Kuroki Kazuo's requiem for war

Carol Hayes

    Research output: Chapter in Book/Report/Conference proceedingChapter


    The above extract from Kuroki Kazuo’s Watashi no sensō (My War) shows that as a film director and member of the yakeato generation Kuroki strongly believed he had an important contribution to make through his portrayal of the war experience in film. Analysis of Kuroki’s trilogy of war requiem films – Tomorrow / 明日 (1988), Utsukushii natsu Kirishima (Beautiful Summer Kirishima, 2002) and Chichi to kuraseba (The Face of Jizō, 2004)2 – shows that Kuroki hoped that the creation of these films would help him assuage some of the survivor guilt he carried throughout his life, and come to terms with feelings of ongoing embarrassment at his own powerlessness and inaction during the war years. These films would help not only him and his generation come to terms with their war experience but would also – he hoped – encourage contemporary Japan to reassess the cultural and historical impact of World War II on the Japanese psyche and to learn more about the antiwar sentiment of post-war Japan. By fictionalizing his and others’ real experiences and focusing on the daily life of those living through the war and its aftermath he hoped to provide a taste of wartime Japan of interest to generations to come: I wanted to leave something for future generations, to create films that depicted the Japan of that time … and although I was only a boy during the war, I wanted to create movies as a member of the generation who experienced the war.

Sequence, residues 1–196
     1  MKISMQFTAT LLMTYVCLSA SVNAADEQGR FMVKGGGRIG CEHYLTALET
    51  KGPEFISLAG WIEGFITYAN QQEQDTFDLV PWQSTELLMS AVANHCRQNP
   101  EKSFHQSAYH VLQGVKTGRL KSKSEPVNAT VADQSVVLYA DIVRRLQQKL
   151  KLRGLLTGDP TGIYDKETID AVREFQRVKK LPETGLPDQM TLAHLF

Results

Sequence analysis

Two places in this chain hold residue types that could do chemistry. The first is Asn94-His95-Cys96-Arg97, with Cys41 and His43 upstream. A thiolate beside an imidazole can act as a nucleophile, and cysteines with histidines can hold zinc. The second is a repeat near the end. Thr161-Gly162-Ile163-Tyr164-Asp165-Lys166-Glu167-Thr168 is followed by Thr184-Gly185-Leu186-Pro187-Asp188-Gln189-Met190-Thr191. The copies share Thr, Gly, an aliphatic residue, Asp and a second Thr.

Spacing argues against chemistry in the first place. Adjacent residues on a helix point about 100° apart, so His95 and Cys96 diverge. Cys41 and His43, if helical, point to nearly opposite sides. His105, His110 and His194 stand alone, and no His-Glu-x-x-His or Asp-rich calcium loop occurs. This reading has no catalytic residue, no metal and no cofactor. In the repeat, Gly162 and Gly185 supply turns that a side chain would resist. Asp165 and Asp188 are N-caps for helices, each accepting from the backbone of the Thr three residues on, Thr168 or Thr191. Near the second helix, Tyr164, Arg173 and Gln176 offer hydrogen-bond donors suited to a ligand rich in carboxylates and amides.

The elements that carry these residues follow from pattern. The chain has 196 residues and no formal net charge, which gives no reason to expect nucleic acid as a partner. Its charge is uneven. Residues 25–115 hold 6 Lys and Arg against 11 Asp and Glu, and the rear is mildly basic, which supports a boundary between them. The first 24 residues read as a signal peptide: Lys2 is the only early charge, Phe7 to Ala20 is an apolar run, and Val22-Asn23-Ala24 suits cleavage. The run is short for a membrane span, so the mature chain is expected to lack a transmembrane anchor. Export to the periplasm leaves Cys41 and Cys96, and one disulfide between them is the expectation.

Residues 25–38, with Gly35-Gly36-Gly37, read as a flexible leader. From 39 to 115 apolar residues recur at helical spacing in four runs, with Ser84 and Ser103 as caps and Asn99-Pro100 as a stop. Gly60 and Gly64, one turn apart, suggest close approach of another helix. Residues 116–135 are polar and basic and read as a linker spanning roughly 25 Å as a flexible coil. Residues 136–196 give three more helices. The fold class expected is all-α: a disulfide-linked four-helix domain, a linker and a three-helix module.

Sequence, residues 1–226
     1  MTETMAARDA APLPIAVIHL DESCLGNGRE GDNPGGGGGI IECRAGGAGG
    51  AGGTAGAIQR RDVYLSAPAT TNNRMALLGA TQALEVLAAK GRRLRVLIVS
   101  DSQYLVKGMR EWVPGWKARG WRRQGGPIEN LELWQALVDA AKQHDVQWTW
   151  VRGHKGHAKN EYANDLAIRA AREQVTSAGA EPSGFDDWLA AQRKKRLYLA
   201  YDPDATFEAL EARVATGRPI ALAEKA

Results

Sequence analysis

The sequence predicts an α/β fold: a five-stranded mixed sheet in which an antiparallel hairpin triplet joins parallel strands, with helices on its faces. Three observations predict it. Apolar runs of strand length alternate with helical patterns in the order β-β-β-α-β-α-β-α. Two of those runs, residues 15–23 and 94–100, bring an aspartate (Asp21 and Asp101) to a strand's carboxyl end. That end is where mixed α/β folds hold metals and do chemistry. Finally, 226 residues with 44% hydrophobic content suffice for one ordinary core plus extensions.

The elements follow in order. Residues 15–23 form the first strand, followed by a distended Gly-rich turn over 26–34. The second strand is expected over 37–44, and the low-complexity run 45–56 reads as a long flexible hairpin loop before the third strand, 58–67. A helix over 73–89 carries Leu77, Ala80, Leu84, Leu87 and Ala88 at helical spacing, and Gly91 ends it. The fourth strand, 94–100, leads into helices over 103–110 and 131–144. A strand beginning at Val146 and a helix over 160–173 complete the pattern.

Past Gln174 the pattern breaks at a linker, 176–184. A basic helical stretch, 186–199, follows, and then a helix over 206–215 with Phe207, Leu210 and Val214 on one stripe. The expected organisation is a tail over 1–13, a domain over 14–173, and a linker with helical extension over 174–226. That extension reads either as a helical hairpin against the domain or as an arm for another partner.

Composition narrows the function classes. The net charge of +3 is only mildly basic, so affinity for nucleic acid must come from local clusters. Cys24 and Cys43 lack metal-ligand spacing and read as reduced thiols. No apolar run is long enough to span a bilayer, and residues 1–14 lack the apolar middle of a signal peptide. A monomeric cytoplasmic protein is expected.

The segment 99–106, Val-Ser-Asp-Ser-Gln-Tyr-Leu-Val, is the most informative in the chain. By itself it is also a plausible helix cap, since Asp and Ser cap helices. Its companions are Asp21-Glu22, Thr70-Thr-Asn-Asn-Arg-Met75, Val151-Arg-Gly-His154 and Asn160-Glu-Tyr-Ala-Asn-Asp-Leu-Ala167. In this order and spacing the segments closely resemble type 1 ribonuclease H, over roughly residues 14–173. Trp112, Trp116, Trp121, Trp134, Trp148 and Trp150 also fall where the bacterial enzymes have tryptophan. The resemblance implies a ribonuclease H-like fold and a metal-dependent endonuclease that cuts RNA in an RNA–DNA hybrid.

Original languageEnglish
    Title of host publicationLegacies of the Asia-Pacific War: The yakeato generation
    Editors Roman Rosenbaum and Yasuko Claremont
    Place of PublicationAbingdon, UK and New York, USA
    PublisherRoutledge, Taylor & Francis Group
    ISBN (Print)9780415579513
    Publication statusPublished - 2011


    Dive into the research topics of 'Kuroki Kazuo's requiem for war'. Together they form a unique fingerprint.

    Cite this